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Passing game for New Orleans Saints to face strength of San Francisco's defense

49ers allow league-low 134.2 passing yards per game

Check out the best action photos from the New Orleans Saints in November presented by Sony.

No hype is necessary for this one.

The merits stand on their own: The New Orleans Saints (10-2) against the San Francisco 49ers (10-2) on Sunday in the Mercedes-Benz Superdome, with the Saints looking to solidify their position as the No. 1 seed in the NFC and the 49ers knowing a loss significantly could hamper their chance to take the top seed for the playoffs.

It has all the makings of a regular season "playoff" game. Here are a few items on the Saints' checklist that could help them win it:

  1. The Saints offense has left a little meat on the bone lately. True, New Orleans has averaged 29 points per game over the last three (a defensive touchdown raises the average to 31) and has posted nine touchdowns, numbers that aren't shabby. But as much as New Orleans loves its kicker – Wil Lutz is having a Pro Bowl season, 27 of 31 on field goals – Lutz has had made field goals of 26, 22, 41, 42 and 45 yards in the last three games and, undoubtedly, New Orleans would rather be scoring touchdowns. The passing game against San Francisco's pass defense is a marquee game within the game. The Niners allow 134.2 passing yards per game, a phenomenally low number in today's NFL. Saints receiver Michael Thomas, the NFC Player of the Month for November, averages a league-leading 107.5 yards per game. San Francisco, with 45 sacks (and 24 turnovers forced) won't face a quarterback more able to handle pressure than Drew Brees. And if left tackle Terron Armstead is back in the lineup, that only should help New Orleans.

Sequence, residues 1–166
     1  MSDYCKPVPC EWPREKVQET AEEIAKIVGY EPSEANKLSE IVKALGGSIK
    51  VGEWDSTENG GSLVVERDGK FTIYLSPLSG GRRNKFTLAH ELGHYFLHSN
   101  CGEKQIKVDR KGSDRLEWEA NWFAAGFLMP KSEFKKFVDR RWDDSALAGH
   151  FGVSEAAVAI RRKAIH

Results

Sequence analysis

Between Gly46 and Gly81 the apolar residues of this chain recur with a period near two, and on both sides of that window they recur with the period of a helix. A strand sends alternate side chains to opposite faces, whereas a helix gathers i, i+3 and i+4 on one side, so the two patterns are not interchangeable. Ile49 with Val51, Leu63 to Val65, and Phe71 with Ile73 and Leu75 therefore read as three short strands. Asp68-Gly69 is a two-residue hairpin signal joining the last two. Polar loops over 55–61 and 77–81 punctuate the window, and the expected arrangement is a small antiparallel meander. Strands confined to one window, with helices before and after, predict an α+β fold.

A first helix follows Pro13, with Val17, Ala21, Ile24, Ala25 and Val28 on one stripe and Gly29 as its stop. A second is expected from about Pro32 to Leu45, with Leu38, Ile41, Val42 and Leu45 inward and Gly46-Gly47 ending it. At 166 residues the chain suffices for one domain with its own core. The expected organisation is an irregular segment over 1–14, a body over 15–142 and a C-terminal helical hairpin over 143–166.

2. Just because I said the Saints would like to not settle for field goals, doesn't mean they won't settle for field goals. Lutz is the Pro Bowl leading vote-getter at his position for a reason. This season, he has kicked two game-winners as time expired, scored all New Orleans' points in a 12-10 victory over Dallas, and kicked four field goals in the 26-18 win against Atlanta. If the game is close and Lutz is in position to win it – and this could be a close one, based on the offensive and defensive balance of both teams – the Saints like their chances.
  3. This doesn't change from week to week, but it bears special emphasis this week: New Orleans has to stop the run. The Niners run for 148 yards per game, second most in the NFL, and they average 33.3 attempts per game. It helps that they mostly have played with the lead, and it also helps that San Francisco has a couple of home-run backs in Matt Breida (109-542-1) and Raheem Mostart (92-539-3). New Orleans allows 88.6 rushing yards per game, third-fewest in the league. Linebacker Demario Davis (team-leading 88 tackles, seven for losses) has been phenomenal. Dissecting what the 49ers are trying to do is critical, and defensive tackles Malcom Brown and David Onyemata will have a big say in how much New Orleans is able to dictate terms.
  4. Davis draws double duty – along with some tag-team help from, perhaps, C.J. Gardner-Johnson, P.J. Williams, Vonn Bell, Marcus Williams – because he'll probably get some snaps covering tight end George Kittle. Kittle leads San Francisco with 54 catches for 687 yards and three touchdowns, totals amassed despite missing two games. He's another big-play threat and the best way to neutralize him is to harass his quarterback, Jimmy Garoppolo. Garoppolo only gets sacked twice a game, and that'll be a challenge for the Saints, who've totaled 40 this season. Defensive end Cam Jordan (13.5 sacks) had a career single-game high four against Atlanta, and fellow end Marcus Davenport (six sacks total, two sacks and two forced fumbles against Atlanta) gives New Orleans a good bookend. Defensive coordinator Dennis Allen is crafty with the blitzes, and that may be the best way to affect Garoppolo.

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